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### #ActualNightCreature83

Posted 09 January 2013 - 05:07 AM

Runge kutta and euler are methods to approximate of the change in a function over a given time span, and they use different forms of approximation. Euler is very straight forward and just calculates the change over the time span you are interested in and aplies this to the previously calculated values. As you can see this will verge away from the actual value fairly quickly. Runge Kutta is a method of doing this that increases the accuracy of this approximation. The bigger the time span the bigger the values you calculate and thus the bigger the steps you are making in your simulation, which leads to bigger errors. This is why you simulate with a small timestep say 0.01 seconds and then run your simulation for however long it took to update from the last frame. This way the errors in your simulation are a known and you can take these into account when doing collision response or what ever you were trying to approximate. Also it gives you a fixed sample rate on the function instead of a variable one which is what you get if you just pass in the actual elapsed time since the last simulation.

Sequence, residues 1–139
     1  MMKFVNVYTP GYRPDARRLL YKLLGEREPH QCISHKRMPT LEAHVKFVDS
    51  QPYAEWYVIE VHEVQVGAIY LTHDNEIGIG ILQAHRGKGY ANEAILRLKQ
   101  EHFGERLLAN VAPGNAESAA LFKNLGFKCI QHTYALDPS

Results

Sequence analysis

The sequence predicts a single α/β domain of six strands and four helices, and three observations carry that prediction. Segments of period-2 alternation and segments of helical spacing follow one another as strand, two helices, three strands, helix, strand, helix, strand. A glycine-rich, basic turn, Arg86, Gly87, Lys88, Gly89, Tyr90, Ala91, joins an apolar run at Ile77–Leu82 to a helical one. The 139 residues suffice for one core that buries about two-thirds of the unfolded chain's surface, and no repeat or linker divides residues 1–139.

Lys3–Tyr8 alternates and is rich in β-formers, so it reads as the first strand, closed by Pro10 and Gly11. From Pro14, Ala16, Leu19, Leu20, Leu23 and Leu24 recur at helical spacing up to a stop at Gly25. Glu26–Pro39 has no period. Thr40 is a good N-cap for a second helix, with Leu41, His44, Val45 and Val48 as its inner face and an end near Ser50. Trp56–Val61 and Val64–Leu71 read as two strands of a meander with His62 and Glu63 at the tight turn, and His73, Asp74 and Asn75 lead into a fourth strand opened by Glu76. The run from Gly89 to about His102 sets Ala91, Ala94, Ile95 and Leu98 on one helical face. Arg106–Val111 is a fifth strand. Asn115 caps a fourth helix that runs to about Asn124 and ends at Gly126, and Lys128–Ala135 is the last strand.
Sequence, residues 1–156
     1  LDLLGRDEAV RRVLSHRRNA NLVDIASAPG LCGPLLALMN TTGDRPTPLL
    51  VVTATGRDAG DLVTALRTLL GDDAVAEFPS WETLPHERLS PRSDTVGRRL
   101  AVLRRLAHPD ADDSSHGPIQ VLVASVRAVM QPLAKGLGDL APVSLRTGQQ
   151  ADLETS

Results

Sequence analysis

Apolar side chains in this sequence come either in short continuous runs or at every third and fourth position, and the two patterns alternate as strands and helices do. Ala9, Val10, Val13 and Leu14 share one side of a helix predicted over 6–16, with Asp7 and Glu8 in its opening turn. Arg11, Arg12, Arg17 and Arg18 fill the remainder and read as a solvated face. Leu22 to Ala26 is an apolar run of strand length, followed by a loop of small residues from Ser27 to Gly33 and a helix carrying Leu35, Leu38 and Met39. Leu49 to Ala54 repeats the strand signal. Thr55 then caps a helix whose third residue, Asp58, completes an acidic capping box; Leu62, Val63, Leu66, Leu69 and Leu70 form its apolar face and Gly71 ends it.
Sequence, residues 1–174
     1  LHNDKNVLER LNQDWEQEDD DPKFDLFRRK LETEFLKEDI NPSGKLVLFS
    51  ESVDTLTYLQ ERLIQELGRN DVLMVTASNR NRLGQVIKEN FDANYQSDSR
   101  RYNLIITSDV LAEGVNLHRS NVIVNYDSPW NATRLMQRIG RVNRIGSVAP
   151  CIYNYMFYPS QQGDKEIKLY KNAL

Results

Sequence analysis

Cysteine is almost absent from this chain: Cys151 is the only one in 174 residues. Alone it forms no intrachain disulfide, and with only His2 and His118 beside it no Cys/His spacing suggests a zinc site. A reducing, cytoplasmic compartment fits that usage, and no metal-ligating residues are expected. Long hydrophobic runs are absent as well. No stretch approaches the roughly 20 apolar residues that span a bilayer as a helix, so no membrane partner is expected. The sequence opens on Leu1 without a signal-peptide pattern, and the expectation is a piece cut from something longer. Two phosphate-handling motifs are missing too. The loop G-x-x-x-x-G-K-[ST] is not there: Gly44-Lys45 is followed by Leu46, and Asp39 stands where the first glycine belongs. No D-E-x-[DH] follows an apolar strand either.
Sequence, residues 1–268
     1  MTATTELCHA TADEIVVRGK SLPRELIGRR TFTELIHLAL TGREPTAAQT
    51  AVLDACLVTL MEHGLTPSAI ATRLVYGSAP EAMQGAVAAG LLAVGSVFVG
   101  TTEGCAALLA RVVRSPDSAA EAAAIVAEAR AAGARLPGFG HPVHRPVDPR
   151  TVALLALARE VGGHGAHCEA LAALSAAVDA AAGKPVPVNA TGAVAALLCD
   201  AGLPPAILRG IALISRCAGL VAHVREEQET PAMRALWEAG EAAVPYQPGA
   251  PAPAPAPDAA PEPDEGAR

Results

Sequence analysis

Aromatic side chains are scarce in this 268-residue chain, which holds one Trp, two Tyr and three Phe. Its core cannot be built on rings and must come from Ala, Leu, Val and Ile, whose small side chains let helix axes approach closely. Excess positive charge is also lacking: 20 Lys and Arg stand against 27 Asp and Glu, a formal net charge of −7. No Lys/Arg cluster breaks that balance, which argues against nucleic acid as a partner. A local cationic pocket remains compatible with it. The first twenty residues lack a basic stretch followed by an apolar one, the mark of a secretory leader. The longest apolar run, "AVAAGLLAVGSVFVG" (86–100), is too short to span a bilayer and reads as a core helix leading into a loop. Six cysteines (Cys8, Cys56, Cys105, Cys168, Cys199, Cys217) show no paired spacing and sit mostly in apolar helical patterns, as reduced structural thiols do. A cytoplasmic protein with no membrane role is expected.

### #1NightCreature83

Posted 09 January 2013 - 05:02 AM

Runge kutta and euler are methods to approximate of the change in a function over a given time span, and they use different forms of approximation. Euler is very straight forward and just calculates the change over the time span you are interested in and aplies this to the previously calculated values. As you can see this will verge away from the actual value fairly quickly. Runge Kutta is a method of doing this that increases the accuracy of this approximation.

The bigger the time span the bigger the values you calculate and thus the bigger the steps you are making in your simulation, which leads to bigger errors. This is why you simulate with a small timestep say 0.01 seconds and then run your simulation for however long it took to update from the last frame. This way the errors in your simulation are a known and you can take these into account when doing collision response or what ever you were trying to approximate.

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